“Dr. Lyle did far more than teach us a biblical language,” he said. “He taught us how the science and art of translating the Bible relates to how we love God and others. He helped us see how there are so many more dimensions to any given text than simply the English translation one uses, and how these different aspects (such as voice, tense, semantics) affect how we choose to translate a text and also how we think theologically in relation to that text.”
Dr. Travis Frampton
Dr. Frampton has been teaching at HSU for 19 years and was appointed Vice President for University Mission and Strategic Vision in 2018. Last fall, Frampton shared “Finding the Prophetic Voice” at the 4th Annual Logsdon Forum.
“I feel that it helped me to keep my heart and mind open for modern prophets who may be pointing us toward the truth, and it has encouraged me to search for ways in which I myself can live into that truth,” said Biblical Studies major Madison Boboltz ’20.
In his new Vice President role, Dr. Frampton uncovered much of HSU’s history surrounding the life of James B. Simmons.
“He was really moved by the Simmons story,” Sosa-Ortiz said. “Whatever he learned, he taught to everyone else, and I think that gave us a part of our identity back.”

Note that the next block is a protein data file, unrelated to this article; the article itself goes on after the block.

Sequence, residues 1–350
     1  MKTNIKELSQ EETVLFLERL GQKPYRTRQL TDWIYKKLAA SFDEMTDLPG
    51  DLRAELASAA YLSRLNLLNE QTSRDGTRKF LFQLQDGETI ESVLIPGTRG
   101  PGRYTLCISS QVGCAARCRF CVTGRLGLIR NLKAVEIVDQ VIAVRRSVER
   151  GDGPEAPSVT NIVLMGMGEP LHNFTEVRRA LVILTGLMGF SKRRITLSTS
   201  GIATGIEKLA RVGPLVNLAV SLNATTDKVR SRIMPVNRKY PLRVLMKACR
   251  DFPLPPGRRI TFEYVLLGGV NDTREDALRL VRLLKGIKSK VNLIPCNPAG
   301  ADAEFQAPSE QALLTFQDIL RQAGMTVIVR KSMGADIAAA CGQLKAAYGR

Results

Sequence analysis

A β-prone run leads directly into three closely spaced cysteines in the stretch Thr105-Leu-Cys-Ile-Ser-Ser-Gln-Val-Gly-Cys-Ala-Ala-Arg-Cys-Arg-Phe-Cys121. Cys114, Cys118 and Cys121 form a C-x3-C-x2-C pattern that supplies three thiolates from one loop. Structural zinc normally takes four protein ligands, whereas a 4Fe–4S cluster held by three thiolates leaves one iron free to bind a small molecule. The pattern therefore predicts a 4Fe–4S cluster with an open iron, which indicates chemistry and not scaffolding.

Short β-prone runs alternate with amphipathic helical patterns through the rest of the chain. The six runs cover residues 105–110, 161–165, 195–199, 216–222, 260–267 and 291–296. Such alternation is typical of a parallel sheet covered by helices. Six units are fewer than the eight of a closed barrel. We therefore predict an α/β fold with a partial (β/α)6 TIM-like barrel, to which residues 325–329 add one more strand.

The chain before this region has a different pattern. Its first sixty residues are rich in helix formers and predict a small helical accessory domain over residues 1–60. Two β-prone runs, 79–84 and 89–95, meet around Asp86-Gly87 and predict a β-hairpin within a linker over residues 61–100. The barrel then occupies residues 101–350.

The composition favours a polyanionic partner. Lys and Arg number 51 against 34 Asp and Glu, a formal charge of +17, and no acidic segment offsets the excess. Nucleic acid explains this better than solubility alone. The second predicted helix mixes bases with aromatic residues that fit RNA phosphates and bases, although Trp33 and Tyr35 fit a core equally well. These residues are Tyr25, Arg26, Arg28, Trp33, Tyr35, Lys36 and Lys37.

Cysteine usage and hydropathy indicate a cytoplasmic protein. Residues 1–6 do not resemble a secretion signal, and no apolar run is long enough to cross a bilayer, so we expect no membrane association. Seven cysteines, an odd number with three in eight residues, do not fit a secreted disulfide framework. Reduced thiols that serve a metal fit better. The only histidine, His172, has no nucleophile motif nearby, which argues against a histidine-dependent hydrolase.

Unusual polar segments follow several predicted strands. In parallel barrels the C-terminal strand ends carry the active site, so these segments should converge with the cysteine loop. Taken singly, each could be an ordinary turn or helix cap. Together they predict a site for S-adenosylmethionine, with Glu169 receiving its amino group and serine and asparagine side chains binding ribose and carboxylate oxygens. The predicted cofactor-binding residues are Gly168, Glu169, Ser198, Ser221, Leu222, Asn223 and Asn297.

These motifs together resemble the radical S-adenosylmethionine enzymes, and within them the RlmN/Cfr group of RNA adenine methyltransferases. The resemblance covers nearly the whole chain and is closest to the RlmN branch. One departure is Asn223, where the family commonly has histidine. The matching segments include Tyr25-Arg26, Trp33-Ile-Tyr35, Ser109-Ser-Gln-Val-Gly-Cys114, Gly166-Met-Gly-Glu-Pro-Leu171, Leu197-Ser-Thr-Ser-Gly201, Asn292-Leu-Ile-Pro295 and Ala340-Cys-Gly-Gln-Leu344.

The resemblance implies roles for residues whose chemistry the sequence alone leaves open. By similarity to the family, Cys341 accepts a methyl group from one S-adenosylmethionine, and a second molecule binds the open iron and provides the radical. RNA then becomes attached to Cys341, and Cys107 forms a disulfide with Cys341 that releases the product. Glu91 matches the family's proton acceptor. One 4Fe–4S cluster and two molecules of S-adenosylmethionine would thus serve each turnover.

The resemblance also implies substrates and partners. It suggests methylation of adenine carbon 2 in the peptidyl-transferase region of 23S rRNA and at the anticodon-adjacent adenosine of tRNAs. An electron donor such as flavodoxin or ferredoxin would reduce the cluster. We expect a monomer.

Sosa-Ortiz called Dr. Frampton’s Old Testament Prophets course the best class he ever had.
“Every single week, Dr. Frampton came in with this wonder and appreciation of the text, seeing the beauty and grace that’s in the Old Testament prophet literature…Dr. Frampton will challenge your interpretation, but he does it in a very caring and passionate way. It’s very prophetic and profound and done with this genuine spirit that encourages you to be someone who’s authentically reading the word and being influenced by it.”
In Methods of Biblical Interpretation, Dean asked Frampton, “What is the best question to ask of a biblical text?”
“[Frampton] thought for a brief moment and responded, ‘Who is this text serving?’ expressing the importance of not simply reading a text in order to empower oneself,” said Dean.
Dr. Frampton is known for his walks around campus, where he always takes the time to talk to students and other professors.
“Dr. Frampton was always outgoing and intentional; he was easy to talk to,” said Dean. “But even more than being social, I especially enjoyed his heart for people — not just fellow Christians, but humans in general. He was excellent at always considering one’s neighbor.”
Frampton does not just talk about loving his neighbors. He lives his belief out.
“He is someone who was always ready to help,” said Kupe. “He always told me, ‘if you need anything, let me know.’ As an international student, it is so beautiful when you find people in a new country who care about you.”
Dr. Rodney Taylor
Dr. Taylor, Associate Professor of Theology, came to HSU in 2007. In addition to his duties as a professor, he serves as the sponsor for The Brand student newspaper. Dr. Taylor is known for being a professor with high expectations and challenging course material, but most of his students walk away from his class with a deeper understanding of their faith.